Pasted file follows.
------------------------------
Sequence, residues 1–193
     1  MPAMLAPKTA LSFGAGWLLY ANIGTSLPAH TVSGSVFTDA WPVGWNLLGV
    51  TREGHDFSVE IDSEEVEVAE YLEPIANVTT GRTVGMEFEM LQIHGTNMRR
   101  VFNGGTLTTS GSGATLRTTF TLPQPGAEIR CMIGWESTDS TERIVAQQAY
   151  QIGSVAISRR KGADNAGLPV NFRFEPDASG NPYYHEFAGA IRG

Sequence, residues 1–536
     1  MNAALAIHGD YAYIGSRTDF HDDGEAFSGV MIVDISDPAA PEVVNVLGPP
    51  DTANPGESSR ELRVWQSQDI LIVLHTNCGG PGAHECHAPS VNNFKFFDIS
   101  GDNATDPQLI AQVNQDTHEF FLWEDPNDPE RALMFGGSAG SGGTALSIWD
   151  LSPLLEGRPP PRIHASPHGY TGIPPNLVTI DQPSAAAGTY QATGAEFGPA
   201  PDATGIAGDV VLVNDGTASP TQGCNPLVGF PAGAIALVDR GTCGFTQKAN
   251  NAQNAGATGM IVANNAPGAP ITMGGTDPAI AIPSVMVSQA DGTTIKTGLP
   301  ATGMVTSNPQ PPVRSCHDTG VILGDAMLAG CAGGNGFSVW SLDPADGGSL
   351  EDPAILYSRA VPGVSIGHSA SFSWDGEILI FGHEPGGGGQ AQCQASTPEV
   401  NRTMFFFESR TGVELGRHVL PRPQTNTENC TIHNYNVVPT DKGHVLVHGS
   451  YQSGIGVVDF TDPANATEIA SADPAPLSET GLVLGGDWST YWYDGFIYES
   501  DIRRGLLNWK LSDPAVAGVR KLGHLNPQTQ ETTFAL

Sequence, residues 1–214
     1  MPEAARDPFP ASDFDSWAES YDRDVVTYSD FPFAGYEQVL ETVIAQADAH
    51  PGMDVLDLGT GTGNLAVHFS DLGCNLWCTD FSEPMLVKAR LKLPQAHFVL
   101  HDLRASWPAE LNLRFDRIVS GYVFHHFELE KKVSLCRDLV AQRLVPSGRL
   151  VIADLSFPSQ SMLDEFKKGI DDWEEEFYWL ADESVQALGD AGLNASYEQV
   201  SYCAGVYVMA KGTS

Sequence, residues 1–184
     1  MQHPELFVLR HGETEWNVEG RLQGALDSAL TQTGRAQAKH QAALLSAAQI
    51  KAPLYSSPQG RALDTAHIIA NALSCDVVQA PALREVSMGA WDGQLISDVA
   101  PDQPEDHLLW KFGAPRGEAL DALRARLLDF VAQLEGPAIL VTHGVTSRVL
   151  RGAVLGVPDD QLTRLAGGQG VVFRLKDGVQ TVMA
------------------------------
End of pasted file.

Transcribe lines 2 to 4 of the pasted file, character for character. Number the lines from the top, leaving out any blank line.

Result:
     1  MPAMLAPKTA LSFGAGWLLY ANIGTSLPAH TVSGSVFTDA WPVGWNLLGV
    51  TREGHDFSVE IDSEEVEVAE YLEPIANVTT GRTVGMEFEM LQIHGTNMRR
   101  VFNGGTLTTS GSGATLRTTF TLPQPGAEIR CMIGWESTDS TERIVAQQAY